He was born and raised (in America, after all, you’re raised, or raised up, or used to be) in smalltown Illinois, making his way gradually to Chicago, via St. Louis. It was there he escaped his kooky Croatian relos, discovered and immersed himself in theatre, a vocation he’s never left and for which he’s always hungered. He even says he works “quite a bit harder now” than when he was 22. It was around that age that, alongside Joan Allen, Gary Sinise and Glenne Headly, he became a charter member of Steppenwolf, which took him to New York just a few years later, to star in Sam Shepard’s True West, which the Sydney Theatre Company recently staged with Phillip Seymour Hoffman in the chair and Wayne Blair on the stage. From there, he went from strength to strength, as actor and director. And Obie to Obie, among other gongs.
Beyond that, it would be too laborious to chart his highly distinguished career, which has so many highlights on stage and film. But of course it was Dangerous Liaisons that transformed him into a star, even if he’s remained among the most reluctant of celebrities. “I wasn’t a subject that ever interested me,” he claimed, seeming utterly sincere.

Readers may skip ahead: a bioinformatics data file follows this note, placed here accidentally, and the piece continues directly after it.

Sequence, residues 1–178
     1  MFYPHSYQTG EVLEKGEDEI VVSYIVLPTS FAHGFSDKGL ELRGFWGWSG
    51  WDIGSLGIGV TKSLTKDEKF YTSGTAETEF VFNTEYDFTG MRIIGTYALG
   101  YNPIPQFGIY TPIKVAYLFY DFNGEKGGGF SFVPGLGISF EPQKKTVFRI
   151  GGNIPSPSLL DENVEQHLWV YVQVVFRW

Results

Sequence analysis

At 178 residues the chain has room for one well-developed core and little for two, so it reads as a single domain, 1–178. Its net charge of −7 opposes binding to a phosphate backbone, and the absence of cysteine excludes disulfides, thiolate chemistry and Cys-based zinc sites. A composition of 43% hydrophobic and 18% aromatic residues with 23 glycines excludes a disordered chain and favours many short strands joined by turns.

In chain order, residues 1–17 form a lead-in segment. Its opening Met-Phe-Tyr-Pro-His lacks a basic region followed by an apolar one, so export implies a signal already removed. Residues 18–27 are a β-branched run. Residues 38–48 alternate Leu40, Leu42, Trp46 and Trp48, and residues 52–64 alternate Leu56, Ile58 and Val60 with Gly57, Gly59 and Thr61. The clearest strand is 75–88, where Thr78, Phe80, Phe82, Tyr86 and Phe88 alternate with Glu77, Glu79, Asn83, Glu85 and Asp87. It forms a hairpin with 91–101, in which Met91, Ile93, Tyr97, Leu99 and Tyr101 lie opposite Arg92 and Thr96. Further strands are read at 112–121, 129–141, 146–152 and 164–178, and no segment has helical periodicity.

Even in declaring repeated caveats that he’d no intention of denigrating the “artistry” that can and does inform cinema, he seemed to have a greater reverence for the stage, insisting that while it’s well and good, one doesn’t necessarily have to be an actor, let alone a great one, to succeed on film, or be loved by the camera. A man who could count the likes of Bertolucci among his friends and who has carved out as successful a career in that medium as treading the boards, was remarkably scathing, if very articulate and quotable on the subject.
“Theatre is an ephemeral, living organism; more like surfing. You ride a wave. You don’t create the wave. The wave is a collision between the material and the public. You just ride the wave. Your job is to hang on. With film, you just need a few good seconds. People say the camera never lies. I say, that’s what it’s there for. You can’t lie in a play. Don’t do a play if you have to lie. Your job in a play is to hang on, while the material whips you around.”